The Kremlin Letter

Released 1970 by 20th Century Fox, widescreen Panavision color, mono sound, 120 mins.
Boone as spy leader Ward, photo from Cold




"It's the harshest of Huston's films. After its failure, he was rarely asked about The Kremlin Letter, but remarks before its release, taken with the fact that Huston (unusually for his later years) also takes script credit with his longtime personal assistant Gladys Hill, suggest it was a very personal project for him, an expression of horror at the wickedness and cynicism of the world. The Kremlin Letter is set very precisely in the winter of 1969--in other words, a few months after it was actually made--but it's a film full of the past. There is, however, absolutely no nostalgia. This is a movie in which people lie a lot. It's less a lament for the old days than a cold-eyed differentiation between types of violence and evil. It is absolutely characteristic of Huston in that it's both a group movie and a grail movie. This time, the false grail being pursued--one whose existence may be as illusory as that of the Maltese falcon or as fragile as the treasure of the Sierra Madre--is a letter which a Western spy chief has been duped into signing, unambiguously committing the United States to aid Russia in a secret mission aimed against China's burgeoning nuclear capability. The letter has gone missing in Moscow and the group must find it. " (quote from Peter Richards in Cold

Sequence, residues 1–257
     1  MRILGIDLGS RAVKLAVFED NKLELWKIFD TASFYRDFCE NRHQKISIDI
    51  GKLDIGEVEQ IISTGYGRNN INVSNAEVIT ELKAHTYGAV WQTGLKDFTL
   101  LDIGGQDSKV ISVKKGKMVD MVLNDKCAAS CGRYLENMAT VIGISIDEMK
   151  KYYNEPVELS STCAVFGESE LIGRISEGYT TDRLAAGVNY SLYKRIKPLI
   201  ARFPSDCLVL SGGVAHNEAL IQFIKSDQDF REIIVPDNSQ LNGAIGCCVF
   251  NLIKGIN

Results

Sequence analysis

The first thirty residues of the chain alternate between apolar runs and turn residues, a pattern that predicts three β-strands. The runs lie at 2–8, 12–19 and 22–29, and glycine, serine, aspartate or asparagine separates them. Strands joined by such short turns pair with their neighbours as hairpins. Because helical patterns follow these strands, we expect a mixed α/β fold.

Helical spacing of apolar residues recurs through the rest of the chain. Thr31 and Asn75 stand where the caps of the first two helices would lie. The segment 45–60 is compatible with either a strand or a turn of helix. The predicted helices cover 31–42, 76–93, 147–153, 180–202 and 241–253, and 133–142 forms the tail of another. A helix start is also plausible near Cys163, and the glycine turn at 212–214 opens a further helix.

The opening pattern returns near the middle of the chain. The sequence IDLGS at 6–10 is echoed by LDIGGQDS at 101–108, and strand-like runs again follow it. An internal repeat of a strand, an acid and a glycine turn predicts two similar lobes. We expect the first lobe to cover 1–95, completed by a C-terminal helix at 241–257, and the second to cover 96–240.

History Department | Filmnotes | revised 1/6/2000 by Schoenherr